460T is a little over 400 T? I wonder how much of the remaining 140 – 200T is with Alliances, Corps, and Inactive players?
High-sec mining volume is almost 8x that of Null-sec, which is itself more than 10x that of W-Space.
Interesting. I guess it is on volume, and not value.
CCP is working on the “master account” concept and may tie some discounts in with that.
And related Loyalty program ideas
The program will have two pillars: fixed milestone awards and flexible token awards. The fixed awards will be provided to all accounts based on account age, whereas the tokens will be awarded (including retroactively) at regular intervals, and then can be used to purchase unique items in a manner similar to the current in game Loyalty Point system.
Milestones are intended to be immaterial “bragging rights”, and would be visible pretty much wherever account/character information is displayed. .. An Opt-in option will be provided, so that old players will be able to pose as newbies.
Some more examples of milestones were provided. In-game: Portrait enhancement, fixed evolving medal system, billboard notifications, and a monument with character names. Out-of-game: Forum badges and website ticker. External: API and Newsletter. Real-Life perks: FanFest VIP access, EVE store items.
Moving to Token Rewards, these would be paid on a regular basis, perhaps monthly, to each account, be tradable in game, used for Loyalty items, and designed to benefit both veterans and new players.
I must admit that I wasn’t entirely enthused by the fixed milestone rewards initially suggested. Anytime you do a Show Info on another character, one of the first things you look for is their relative age. Having information indicating the age of the account easily displayed may result in most people opt’ing out of showing it. I rarely post on the EO forums and the like – so there is a chance there may not be anything beneficial in that side of the program. (Which would seem to kind of defeat the purpose of it.) Token Rewards, just based on the number of months you have had an account, might be able to be converted into cool enough stuff I guess – particularly at the suggestion to make them retrospective. But it might also take a while to populate a related Loyalty shop with items nice enough to spend your tokens on. (Have you spent your Free Aurum yet…?) I don’t want a program that results in us having a stack of loyalty tokens with nothing worthwhile to spend them on, and milestone rewards everyone opts out of.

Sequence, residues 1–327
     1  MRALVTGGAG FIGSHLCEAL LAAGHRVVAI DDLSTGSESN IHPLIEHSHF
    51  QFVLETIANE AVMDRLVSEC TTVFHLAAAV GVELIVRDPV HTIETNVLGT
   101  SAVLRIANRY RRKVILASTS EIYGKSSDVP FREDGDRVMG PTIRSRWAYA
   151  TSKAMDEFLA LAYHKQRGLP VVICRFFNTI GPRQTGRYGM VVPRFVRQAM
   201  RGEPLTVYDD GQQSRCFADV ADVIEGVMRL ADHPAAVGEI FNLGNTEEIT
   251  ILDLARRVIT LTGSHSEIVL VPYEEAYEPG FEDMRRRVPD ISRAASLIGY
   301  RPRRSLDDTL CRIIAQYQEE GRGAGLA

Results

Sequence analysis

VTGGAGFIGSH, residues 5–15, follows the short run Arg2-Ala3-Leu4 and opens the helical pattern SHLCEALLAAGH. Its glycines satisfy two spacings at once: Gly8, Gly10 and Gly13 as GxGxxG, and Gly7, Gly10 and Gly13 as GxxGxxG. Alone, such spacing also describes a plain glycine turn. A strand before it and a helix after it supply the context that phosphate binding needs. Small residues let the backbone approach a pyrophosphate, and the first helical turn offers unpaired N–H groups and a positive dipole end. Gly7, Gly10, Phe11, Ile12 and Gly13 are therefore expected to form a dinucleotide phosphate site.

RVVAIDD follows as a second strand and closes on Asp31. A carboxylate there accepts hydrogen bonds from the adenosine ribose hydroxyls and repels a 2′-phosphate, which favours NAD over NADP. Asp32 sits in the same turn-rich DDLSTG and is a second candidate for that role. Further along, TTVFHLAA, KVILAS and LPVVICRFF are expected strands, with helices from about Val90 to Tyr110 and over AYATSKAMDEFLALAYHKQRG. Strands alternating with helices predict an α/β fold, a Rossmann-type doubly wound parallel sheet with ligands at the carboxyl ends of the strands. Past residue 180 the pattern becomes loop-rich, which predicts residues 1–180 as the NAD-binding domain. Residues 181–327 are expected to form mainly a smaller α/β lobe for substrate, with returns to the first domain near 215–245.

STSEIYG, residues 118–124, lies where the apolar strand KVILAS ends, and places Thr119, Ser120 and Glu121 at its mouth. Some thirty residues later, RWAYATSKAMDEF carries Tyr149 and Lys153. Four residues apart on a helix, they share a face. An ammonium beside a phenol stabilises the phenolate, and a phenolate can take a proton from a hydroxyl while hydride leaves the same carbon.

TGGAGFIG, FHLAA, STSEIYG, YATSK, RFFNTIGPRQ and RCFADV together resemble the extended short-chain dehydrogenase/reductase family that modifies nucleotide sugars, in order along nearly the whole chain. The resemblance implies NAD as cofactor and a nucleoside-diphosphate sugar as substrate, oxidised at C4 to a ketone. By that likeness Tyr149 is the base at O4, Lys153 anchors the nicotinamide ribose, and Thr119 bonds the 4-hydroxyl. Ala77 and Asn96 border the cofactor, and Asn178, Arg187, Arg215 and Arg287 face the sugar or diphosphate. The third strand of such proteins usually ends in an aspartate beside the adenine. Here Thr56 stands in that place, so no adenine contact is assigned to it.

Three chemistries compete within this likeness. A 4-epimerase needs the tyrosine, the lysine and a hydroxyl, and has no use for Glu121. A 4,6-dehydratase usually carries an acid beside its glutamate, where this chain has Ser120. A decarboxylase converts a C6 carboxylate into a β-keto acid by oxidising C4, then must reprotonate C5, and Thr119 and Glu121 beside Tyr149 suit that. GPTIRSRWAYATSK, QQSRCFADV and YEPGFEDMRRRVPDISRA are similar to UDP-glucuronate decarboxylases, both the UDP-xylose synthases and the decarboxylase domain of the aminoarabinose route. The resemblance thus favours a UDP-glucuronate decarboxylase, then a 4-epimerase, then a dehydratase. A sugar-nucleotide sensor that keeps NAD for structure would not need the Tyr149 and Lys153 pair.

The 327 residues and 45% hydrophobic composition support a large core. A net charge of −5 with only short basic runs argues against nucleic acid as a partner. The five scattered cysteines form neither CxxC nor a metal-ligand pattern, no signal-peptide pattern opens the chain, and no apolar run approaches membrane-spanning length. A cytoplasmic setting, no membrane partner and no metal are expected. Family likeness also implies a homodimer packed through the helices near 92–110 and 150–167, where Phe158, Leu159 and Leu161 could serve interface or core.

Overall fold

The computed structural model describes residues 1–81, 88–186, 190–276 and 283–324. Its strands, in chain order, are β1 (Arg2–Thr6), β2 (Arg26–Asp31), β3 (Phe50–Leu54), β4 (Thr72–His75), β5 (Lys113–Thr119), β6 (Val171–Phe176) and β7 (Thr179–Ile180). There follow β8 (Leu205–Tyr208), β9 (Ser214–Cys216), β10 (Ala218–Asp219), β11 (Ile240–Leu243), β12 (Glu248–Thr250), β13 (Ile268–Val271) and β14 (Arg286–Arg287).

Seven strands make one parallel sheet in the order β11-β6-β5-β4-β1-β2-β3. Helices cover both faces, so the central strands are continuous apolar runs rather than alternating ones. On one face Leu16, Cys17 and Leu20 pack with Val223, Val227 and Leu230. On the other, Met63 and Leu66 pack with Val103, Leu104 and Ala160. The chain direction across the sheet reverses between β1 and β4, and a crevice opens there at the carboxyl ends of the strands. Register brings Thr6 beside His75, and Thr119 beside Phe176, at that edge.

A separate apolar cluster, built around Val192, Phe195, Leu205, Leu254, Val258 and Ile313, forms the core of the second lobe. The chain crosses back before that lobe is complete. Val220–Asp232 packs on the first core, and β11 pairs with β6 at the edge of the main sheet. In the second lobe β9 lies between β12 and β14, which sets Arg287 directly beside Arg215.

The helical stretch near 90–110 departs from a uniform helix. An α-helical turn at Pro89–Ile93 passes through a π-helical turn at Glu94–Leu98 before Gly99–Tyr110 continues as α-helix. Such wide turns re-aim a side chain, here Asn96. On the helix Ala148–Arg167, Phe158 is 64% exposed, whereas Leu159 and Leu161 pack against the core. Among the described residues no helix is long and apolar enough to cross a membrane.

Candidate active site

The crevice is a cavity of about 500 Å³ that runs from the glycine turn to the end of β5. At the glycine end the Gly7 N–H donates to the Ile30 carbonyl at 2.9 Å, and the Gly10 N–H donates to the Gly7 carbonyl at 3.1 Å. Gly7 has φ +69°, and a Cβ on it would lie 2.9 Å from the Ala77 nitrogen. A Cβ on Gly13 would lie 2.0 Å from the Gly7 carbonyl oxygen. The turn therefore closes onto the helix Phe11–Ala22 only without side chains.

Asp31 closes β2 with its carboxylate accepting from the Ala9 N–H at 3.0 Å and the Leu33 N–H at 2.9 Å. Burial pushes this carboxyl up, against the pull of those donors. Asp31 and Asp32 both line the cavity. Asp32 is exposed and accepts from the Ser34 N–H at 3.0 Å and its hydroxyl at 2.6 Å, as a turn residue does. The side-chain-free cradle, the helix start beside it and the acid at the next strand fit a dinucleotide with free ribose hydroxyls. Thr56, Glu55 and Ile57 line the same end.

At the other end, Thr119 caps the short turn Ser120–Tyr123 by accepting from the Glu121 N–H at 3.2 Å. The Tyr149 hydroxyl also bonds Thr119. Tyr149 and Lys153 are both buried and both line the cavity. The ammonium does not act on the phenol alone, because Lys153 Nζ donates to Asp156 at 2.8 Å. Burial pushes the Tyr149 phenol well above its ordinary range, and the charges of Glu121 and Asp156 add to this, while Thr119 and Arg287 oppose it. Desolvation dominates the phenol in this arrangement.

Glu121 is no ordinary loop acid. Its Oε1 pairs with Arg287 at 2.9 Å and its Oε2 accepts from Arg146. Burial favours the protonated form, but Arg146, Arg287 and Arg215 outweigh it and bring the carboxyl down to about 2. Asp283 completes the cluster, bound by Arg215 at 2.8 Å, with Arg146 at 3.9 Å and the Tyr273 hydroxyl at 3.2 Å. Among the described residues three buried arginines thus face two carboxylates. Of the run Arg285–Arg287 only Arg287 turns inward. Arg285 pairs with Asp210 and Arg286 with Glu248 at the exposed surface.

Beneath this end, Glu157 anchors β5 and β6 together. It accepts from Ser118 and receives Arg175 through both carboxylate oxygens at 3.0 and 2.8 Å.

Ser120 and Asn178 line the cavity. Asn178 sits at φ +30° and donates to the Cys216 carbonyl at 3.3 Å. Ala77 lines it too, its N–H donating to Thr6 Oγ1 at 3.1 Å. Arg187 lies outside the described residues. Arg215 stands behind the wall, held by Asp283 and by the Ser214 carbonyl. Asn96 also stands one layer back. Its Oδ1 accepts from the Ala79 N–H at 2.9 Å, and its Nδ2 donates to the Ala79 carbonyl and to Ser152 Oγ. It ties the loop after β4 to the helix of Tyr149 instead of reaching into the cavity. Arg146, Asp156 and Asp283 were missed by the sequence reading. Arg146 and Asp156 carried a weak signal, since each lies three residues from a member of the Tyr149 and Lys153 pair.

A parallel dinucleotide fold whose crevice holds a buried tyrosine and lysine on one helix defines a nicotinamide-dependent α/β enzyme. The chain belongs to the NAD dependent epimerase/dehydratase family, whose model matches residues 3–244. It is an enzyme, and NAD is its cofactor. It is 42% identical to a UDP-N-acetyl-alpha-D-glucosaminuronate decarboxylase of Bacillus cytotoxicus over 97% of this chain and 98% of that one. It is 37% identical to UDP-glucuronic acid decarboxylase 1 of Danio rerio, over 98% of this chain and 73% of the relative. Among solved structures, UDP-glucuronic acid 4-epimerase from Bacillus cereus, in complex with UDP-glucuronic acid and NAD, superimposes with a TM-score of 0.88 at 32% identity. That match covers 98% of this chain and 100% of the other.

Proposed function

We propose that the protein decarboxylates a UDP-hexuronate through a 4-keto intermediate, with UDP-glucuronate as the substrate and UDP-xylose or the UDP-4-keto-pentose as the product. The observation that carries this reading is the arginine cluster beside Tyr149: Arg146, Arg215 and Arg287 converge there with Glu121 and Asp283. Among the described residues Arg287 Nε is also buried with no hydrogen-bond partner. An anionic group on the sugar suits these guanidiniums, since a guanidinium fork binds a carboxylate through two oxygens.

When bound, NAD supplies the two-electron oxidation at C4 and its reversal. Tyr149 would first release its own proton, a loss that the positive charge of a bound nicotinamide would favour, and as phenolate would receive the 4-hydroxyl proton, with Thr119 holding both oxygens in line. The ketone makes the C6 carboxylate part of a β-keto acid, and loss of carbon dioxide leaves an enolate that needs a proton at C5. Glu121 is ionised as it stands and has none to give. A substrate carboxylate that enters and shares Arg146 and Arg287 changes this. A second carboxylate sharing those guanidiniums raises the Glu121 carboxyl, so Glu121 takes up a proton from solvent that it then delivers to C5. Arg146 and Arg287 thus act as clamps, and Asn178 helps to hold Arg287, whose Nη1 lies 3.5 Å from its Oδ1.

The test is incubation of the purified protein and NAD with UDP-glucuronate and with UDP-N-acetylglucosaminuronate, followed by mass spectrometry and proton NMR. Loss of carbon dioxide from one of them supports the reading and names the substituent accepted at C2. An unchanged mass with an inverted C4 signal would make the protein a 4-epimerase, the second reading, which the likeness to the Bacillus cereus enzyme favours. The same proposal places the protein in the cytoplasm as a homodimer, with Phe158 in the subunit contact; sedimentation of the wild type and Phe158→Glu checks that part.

So that was it. I am glad I read the whole thing – but I can’t say it was worthwhile as far as my game experience is concerned.
What was interesting (and bemusing) for me was to see the differences in the things I highlighted in comparison to some of the other bloggers. You can pick the Empire Carebear..
I read the whole thing. Though the only notes I wrote down was on the first half of the minutes. Though I remembered much of the last half of it.
What had really struck me though reading the entire minutes as a whole was “How little CCP understand High Sec Players and the mentality of those that choose to play there”.
That’s what struck me the most, let alone the members of the CSM that also don’t.
I agree that many of the CSM showed that they did not understand the Hi-Sec player. To CCP’s credit, they did repeat a number of times that their focus was on catering for all types of players.